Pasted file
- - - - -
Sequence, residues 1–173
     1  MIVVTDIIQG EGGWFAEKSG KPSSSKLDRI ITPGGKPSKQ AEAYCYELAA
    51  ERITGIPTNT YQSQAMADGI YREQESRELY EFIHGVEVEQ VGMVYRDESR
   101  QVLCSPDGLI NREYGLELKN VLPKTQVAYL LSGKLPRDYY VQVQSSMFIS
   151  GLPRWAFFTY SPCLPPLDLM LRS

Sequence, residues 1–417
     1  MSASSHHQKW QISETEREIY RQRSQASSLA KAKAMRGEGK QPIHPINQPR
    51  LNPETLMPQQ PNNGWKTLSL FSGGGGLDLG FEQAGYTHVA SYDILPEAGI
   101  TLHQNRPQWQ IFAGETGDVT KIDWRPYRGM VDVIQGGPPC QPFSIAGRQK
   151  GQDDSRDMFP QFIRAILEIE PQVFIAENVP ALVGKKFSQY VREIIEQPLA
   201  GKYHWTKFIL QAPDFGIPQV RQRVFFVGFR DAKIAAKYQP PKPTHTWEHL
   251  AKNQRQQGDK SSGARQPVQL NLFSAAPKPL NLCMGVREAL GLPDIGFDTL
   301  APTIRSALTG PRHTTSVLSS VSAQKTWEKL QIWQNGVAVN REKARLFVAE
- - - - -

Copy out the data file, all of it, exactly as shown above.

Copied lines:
Sequence, residues 1–173
     1  MIVVTDIIQG EGGWFAEKSG KPSSSKLDRI ITPGGKPSKQ AEAYCYELAA
    51  ERITGIPTNT YQSQAMADGI YREQESRELY EFIHGVEVEQ VGMVYRDESR
   101  QVLCSPDGLI NREYGLELKN VLPKTQVAYL LSGKLPRDYY VQVQSSMFIS
   151  GLPRWAFFTY SPCLPPLDLM LRS

Sequence, residues 1–417
     1  MSASSHHQKW QISETEREIY RQRSQASSLA KAKAMRGEGK QPIHPINQPR
    51  LNPETLMPQQ PNNGWKTLSL FSGGGGLDLG FEQAGYTHVA SYDILPEAGI
   101  TLHQNRPQWQ IFAGETGDVT KIDWRPYRGM VDVIQGGPPC QPFSIAGRQK
   151  GQDDSRDMFP QFIRAILEIE PQVFIAENVP ALVGKKFSQY VREIIEQPLA
   201  GKYHWTKFIL QAPDFGIPQV RQRVFFVGFR DAKIAAKYQP PKPTHTWEHL
   251  AKNQRQQGDK SSGARQPVQL NLFSAAPKPL NLCMGVREAL GLPDIGFDTL
   301  APTIRSALTG PRHTTSVLSS VSAQKTWEKL QIWQNGVAVN REKARLFVAE